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Basic Communication on the Internet: E-Mail Tutorial 2 Evaluating an E-Mail Program and a Web-Based E-Mail Service What is E-Mail, How Does It Work? A form of communication electronic messages are created transferred between 2 or more computers connected to a network.

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basic communication on the internet e mail

Basic Communication on the Internet: E-Mail

Tutorial 2

Evaluating an E-Mail

Program and a Web-Based

E-Mail Service

New Perspectives on The Internet, Sixth Edition—Comprehensive Tutorial 2

what is e mail how does it work
What is E-Mail,How Does It Work?
  • A form of communication
    • electronic messages are created
    • transferred between 2 or more computers
    • connected to a network.
  • Very popular form of business communication.
  • Fast, inexpensive.
  • Can be sent, received at anytime.

New Perspectives on The Internet, Sixth Edition—Comprehensive Tutorial 2

what is e mail and how does it work
What is E-Mail andHow Does It Work?
  • Mail server: a hardware and software system
    • determines from the recipient’s address one of several electronic routes on which to send the message.

New Perspectives on The Internet, Sixth Edition—Comprehensive Tutorial 2

protocols
Protocols:
  • rules that determine how the Internet handles message packets flowing on it.
  • SMTP (Simple Mail Transfer Protocol): decides which paths an e-mail message takes on the Internet.
  • POP (Post Office Protocol): handles incoming messages.
  • IMAP (Internet Message Access Protocol): protocol for retrieving mail messages from a server.
  • MIME (Multipurpose Internet Mail Extensions): protocol specifies how to encode non-text data, such as graphics and sound, to send over the Internet.

New Perspectives on The Internet, Sixth Edition—Comprehensive Tutorial 2

what is e mail and how does it work5
What is E-Mail andHow Does It Work?
  • Mail client software or e-mail program: software requests mail delivery from mail server to your PC.

New Perspectives on The Internet, Sixth Edition—Comprehensive Tutorial 2

what is e mail and how does it work6
What is E-Mail andHow Does It Work?
  • Email Address: uniquely identifies individual or organization that is connected to the Internet.
  • E-mail addresses usuallynot case-sensitive.
  • Two parts of email address:
    • User name – identifies person within an organization.
    • Host name – specifies the computer to which the email is to be delivered.
    • Separated by an “at” sign (@)

New Perspectives on The Internet, Sixth Edition—Comprehensive Tutorial 2

what is e mail and how does it work7
What is E-Mail andHow Does It Work?
  • Most people have more than 1 e-mail address.
  • Primary e-mail address(es)
    • personal and/or business correspondence.
  • Secondary e-mail address(es)
    • online subscriptions & purchases, mailing lists.
  • Be careful about distribution of e-mail address
    • may lessen amount of spam/junk email.

New Perspectives on The Internet, Sixth Edition—Comprehensive Tutorial 2

common features of an e mail message
Common Features ofan E-Mail Message
  • Message Header: info. about the message.
  • Message Body: actual message.
  • Signature:
    • appears at the bottom of your e-mail messages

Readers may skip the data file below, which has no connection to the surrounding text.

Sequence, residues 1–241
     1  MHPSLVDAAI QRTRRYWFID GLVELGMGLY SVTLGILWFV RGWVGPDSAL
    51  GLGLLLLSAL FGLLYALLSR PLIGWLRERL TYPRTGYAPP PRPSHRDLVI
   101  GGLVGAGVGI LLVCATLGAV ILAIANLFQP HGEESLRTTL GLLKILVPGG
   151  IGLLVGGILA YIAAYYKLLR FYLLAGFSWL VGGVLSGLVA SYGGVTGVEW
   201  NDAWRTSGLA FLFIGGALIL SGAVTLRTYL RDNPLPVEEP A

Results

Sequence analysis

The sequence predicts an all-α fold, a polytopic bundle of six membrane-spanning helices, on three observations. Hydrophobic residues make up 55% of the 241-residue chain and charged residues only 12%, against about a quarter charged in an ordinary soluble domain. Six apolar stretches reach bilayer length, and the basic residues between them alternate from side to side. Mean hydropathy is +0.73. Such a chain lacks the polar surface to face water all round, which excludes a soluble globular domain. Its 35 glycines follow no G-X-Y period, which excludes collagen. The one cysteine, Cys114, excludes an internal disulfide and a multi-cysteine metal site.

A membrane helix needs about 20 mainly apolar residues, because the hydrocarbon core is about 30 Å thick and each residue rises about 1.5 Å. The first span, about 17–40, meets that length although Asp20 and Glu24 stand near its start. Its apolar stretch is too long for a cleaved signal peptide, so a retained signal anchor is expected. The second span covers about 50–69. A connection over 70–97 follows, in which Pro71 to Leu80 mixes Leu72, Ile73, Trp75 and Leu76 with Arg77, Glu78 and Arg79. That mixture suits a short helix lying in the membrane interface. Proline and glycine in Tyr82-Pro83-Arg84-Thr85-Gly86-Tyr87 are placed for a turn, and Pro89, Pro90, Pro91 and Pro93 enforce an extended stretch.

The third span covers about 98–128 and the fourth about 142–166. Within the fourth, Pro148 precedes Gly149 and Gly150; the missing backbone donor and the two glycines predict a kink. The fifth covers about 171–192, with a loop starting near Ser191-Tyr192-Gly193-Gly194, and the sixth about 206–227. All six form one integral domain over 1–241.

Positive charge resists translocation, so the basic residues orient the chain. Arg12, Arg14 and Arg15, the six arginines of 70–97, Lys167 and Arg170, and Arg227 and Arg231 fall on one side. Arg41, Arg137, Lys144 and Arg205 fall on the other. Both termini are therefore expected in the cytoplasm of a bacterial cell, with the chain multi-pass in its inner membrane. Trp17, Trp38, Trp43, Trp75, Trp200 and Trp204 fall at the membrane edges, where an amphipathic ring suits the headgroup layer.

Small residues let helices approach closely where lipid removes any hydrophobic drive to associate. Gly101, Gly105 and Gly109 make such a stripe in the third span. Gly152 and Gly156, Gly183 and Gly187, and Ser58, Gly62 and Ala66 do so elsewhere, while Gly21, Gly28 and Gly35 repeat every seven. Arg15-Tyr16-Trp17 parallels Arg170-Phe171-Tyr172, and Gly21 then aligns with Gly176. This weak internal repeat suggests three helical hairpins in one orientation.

• standard information about yourself so recipient can contact you in a variety of ways.

New Perspectives on The Internet, Sixth Edition—Comprehensive Tutorial 2

common features of an e mail message9
Common Features of anE-Mail Message

New Perspectives on The Internet, Sixth Edition—Comprehensive Tutorial 2

9

common features of an e mail message10
Common Features ofan E-Mail Message
  • Recipient’s full e-mail address in To line of e-mail header.
  • courtesy copy (Cc) & blind courtesy copy (Bcc) to send mail to people who should be aware of e-mail message, but are not direct recipients.
  • No recipient can view list of Bcc recipients. ???
  • Group: single e-mail address represents list of individual e-mail addresses.

New Perspectives on The Internet, Sixth Edition—Comprehensive Tutorial 2

common features of an e mail message11
Common Features ofan E-Mail Message
  • From line: sender’s name.
  • Subject line: should indicate the message’s content, importance.
  • Attachment: simple way to transmit electronic documents to others.
    • Can contain viruses (malicious programs that can harm your computer and files)

New Perspectives on The Internet, Sixth Edition—Comprehensive Tutorial 2

common features of e mail programs
Common Features of E-Mail Programs
  • E-mail messages
    • less formal than business letters (slightly)
    • follow the rules of formal letter writing !
  • Signatures: can contain ???
    • Name
    • Title
    • Company name
    • Contact information
    • Graphics
    • Nicknames
    • Quotations

New Perspectives on The Internet, Sixth Edition—Comprehensive Tutorial 2

internet etiquette netiquette
Internet Etiquette (Netiquette)

commonly accepted rules for decent behavior on the Internet.

  • Avoid ALL CAPITAL LETTERS BECAUSE IT LOOKS LIKE YOU ARE SHOUTING.
  • KIS -- simple, short, and focused.
  • Good Subject, a signature.
  • Don’t sending unsolicited messages, DON’T send unsolicited attachments.
  • Spell check! Read your message “out loud.” Fix all errors before sending.
  • Always use “common” courtesy, politeness, and respect

New Perspectives on The Internet, Sixth Edition—Comprehensive Tutorial 2

internet etiquette netiquette14
Internet Etiquette (Netiquette)

Commonly used e-mail acronyms